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Poverty, social divisions, and conflict in Nepal

Author

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  • Do, Quy-Toan
  • Iyer, Lakshmi

Abstract

The authors conduct an econometric analysis of the economic and social factors which contributed to the spread of violent conflict in Nepal. They find that conflict intensity is significantly higher in places with greater poverty and lower levels of economic development. Violence is higher in locations that favor insurgents, such as mountains and forests. The authors find weaker evidence that caste divisions in society are correlated with the intensity of civil conflict, while linguistic diversity has little impact.

Suggested Citation

  • Do, Quy-Toan & Iyer, Lakshmi, 2007. "Poverty, social divisions, and conflict in Nepal," Policy Research Working Paper Series 4228, The World Bank.
  • Handle: RePEc:wbk:wbrwps:4228
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    Citations

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    Cited by:

    1. Christopher Blattman & Edward Miguel, 2009. "Civil War: A Review of Fifty Years of Research," Working Papers id:2231, eSocialSciences.
    2. Dominic Rohner, 2010. "From rags to rifles: deprivation, conflict and the welfare state," IEW - Working Papers 463, Institute for Empirical Research in Economics - University of Zurich.
    3. Juan F. Vargas, 2012. "The persistent Colombian conflict: subnational analysis of the duration of violence," Defence and Peace Economics, Taylor & Francis Journals, vol. 23(2), pages 203-223, April.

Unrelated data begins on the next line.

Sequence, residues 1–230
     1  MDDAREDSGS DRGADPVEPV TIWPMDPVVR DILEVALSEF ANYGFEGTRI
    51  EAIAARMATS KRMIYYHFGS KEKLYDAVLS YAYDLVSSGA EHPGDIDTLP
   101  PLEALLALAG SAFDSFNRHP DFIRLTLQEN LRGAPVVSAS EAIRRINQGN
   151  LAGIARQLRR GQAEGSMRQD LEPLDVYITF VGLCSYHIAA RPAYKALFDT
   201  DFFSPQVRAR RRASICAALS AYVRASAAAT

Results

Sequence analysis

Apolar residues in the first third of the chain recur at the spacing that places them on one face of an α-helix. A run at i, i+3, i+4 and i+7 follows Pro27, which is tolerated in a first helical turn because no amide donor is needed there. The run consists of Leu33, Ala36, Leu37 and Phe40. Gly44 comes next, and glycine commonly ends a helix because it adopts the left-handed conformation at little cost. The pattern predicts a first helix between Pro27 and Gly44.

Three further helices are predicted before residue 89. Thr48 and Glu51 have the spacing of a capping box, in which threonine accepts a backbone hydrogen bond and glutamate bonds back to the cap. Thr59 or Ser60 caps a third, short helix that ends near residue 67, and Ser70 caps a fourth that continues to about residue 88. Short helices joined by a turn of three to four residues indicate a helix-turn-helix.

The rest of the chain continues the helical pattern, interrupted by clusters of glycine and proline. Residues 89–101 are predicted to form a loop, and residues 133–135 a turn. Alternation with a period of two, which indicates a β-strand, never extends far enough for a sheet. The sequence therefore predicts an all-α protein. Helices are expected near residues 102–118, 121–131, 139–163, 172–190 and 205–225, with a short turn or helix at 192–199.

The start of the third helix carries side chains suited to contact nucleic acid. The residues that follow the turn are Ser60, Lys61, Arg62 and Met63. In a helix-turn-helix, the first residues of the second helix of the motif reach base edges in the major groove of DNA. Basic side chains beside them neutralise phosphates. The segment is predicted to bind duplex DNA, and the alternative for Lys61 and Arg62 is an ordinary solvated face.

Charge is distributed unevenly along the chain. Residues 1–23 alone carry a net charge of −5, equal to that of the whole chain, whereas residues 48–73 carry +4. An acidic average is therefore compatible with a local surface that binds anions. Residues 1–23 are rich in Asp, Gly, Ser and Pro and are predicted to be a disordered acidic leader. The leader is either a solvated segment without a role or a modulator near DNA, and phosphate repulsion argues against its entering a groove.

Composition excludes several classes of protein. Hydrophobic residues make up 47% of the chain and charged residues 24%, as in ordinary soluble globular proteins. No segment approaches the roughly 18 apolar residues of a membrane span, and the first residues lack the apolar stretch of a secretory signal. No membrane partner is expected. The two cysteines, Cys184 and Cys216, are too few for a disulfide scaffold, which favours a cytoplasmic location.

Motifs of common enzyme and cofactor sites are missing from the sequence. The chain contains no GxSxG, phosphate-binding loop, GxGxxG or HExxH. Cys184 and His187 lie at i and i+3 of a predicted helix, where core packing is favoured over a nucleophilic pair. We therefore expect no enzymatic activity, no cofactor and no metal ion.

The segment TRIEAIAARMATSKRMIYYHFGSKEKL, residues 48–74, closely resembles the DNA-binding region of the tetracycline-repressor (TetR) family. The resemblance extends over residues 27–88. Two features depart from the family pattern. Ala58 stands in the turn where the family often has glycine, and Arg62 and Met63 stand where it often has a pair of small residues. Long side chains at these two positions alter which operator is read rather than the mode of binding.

4. Olsson, Ola & Siba, Eyerusalem, 2013. "Ethnic cleansing or resource struggle in Darfur? An empirical analysis," Journal of Development Economics, Elsevier, vol. 103(C), pages 299-312.
    5. Oeindrila Dube & Juan Fernando Vargas, 2006. "Resource curse in reverse: The coffee crisis and armed conflict in Colombia," DOCUMENTOS CEDE 003460, UNIVERSIDAD DE LOS ANDES-CEDE.
    6. John Ishiyama & Marijke Breuning, 2012. "Educational Access and Peace Duration in Post-Conflict Countries," International Interactions, Taylor & Francis Journals, vol. 38(1), pages 58-78, January.
    7. Patricia Justino & Ivan Cardona & Rebecca Mitchell & Catherine Müller, 2012. "Quantifying the Impact of Women’s Participation in Post-Conflict Economic Recovery," HiCN Working Papers 131, Households in Conflict Network.
    8. repec:gam:jsusta:v:10:y:2018:i:6:p:2055-:d:152987 is not listed on IDEAS
    9. Ola Olsson, 0. "After Janjaweed? Socioeconomic Impacts of the Conflict in Darfur," World Bank Economic Review, World Bank Group, vol. 24(3), pages 386-411.
    10. Christopher Blattman & Edward Miguel, 2010. "Civil War," Journal of Economic Literature, American Economic Association, vol. 48(1), pages 3-57, March.
    11. Andrew L. Dabalen & Ephraim Kebede & Saumik Paul, 2012. "Causes of Civil War: Micro Level Evidence from Côte d’Ivoire," HiCN Working Papers 118, Households in Conflict Network.

    More about this item

    Keywords

    Population Policies; Social Conflict and Violence; Services&Transfers to Poor; Post Conflict Reintegration; Peace&Peacekeeping;

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